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Museums and Landmarks of St. Louis
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The Apotheosis of St. Louis is a statue of the city's namesake (King Louis IX of France) and a replica of a plaster statue that served as one of the landmarks at the 1904 St. Louis World's Fair. This bronze version of the statue was designed after the fair and quickly became one of the symbols of the city. The statue has been located in front of the Saint Louis Art Museum in Forest Park since 1906. Prior to the completion of the Gateway Arch, the statue was the principal symbol of the city. Although supplanted by the Arch, this statue continues to serve the iconography of St. Louis for more than a century after the World's Fair.

This statue of the "Crusader King," Louis IX of France, has been one of the leading symbols of St. Louis since the 1904 World's Fair.

This statue of the "Crusader King," Louis IX of France, has been one of the leading symbols of St. Louis since the 1904 World's Fair.

Original Apotheosis of St. Louis made of plaster at the 1904 World's Fair

Cloud, Horse, Sky, Pedestal

The Apotheosis of St. Louis is a statue of King Louis IX of France, also known as Saint Louis, and the original version of this monument marked the entrance to the 1904 World’s Fair. Much like the other attractions at the fair, the original statue was meant to be a temporary feature. While the numerous buildings and attractions were demolished at the conclusion of the event, the Louisiana Purchase Committee decided to have the statue recast and then donated to the city of St. Louis in 1906.

The statue was sculpted by Charles Henry Niehaus and recast in bronze by W.R. Hodges. Depicting King Louis IX as a soldier valiantly mounted on a horse, his sword is held in a way that the ninety-degree angle between the hilt and shaft resembles a cross. King Louis is dressed in a cloak with the symbol of the French monarchy, the fleur-de-lis. This statue is meant to associate the city with Christianity as well as leadership, strength, valor, and vitality.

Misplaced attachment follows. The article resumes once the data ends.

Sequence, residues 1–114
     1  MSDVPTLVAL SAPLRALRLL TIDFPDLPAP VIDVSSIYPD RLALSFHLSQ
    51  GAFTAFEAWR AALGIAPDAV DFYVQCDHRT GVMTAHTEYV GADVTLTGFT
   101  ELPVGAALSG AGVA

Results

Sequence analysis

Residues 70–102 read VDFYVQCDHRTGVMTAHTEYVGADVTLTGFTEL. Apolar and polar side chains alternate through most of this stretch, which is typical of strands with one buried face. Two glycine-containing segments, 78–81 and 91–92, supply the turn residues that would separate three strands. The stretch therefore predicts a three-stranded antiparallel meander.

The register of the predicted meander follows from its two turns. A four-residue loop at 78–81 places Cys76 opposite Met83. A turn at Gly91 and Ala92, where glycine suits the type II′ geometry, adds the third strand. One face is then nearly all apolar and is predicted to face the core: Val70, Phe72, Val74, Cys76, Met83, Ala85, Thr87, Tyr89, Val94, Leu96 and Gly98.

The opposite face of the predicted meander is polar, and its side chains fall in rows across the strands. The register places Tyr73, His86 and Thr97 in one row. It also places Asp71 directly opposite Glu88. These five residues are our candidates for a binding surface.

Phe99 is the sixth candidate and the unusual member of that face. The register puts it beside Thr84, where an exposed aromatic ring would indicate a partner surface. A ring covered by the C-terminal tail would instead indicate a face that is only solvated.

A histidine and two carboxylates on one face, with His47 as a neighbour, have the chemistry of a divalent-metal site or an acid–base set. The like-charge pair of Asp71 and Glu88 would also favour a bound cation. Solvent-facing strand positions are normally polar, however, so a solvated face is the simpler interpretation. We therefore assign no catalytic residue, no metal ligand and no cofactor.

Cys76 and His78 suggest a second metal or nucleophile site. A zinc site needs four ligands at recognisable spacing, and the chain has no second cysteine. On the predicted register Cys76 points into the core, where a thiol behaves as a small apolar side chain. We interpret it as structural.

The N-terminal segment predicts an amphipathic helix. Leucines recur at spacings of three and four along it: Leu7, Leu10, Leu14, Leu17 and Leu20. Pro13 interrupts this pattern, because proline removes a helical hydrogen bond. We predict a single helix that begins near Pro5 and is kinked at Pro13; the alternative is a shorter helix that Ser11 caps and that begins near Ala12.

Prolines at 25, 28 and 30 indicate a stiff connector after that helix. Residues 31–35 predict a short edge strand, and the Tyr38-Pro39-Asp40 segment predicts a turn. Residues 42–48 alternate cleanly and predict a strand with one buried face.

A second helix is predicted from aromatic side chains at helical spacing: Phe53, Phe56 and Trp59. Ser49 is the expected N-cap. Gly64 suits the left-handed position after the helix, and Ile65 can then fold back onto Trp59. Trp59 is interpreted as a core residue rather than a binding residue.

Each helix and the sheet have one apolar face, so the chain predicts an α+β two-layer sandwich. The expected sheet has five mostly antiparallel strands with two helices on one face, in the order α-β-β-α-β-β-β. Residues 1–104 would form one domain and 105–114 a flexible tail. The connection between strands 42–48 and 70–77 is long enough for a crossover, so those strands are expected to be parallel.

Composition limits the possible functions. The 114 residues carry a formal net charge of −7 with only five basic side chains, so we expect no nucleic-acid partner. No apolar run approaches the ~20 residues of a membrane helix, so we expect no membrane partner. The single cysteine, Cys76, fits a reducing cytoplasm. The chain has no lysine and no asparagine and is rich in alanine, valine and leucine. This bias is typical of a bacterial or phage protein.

King Louis IX ruled France from 1226 to 1270. He succeeded his father at the young age of twelve, so in his early years as king, his mother served as regent. In his time as king, Louis led the Seventh Crusade (1248-1250) in an unsuccessful attempt to regain the Holy Land. King Louis also reorganized the royal administration system, standardized coinage, and made peace with England under the Treaty of Paris (1259). Less than twenty years after King Louis’ death in 1279, he was canonized by Pope Boniface VIII in 1297.

This statue was so central to the identity of St. Louis prior to the construction of the Gateway Arch that it served as the official symbol of sports teams and militia units. For example, the image of the Apotheosis of St. Louis was incorporated into the logo of the St. Louis Browns baseball team. Today, the statue continues to serve as a symbol of the city and a reminder of the 1904 World's Fair.

Apotheosis of St. Louis. St. Louis Regional Arts Commission. Accessed May 06, 2017.

Levron, Jacques. “Achievement of Peace and Administrative Reforms of Louis IX.” Encyclopædia Britannica, Encyclopædia Britannica, Inc., 2022, 

Wasson, C. L. , Copyright Claimant. "The Apotheosis of St. Louis," Plaza of St. Louis, Louisiana Purchase Exposition, St. Louis, Mo. Decatur, Ill.: International View Co. Photograph. Retrieved from the Library of Congress, <>.

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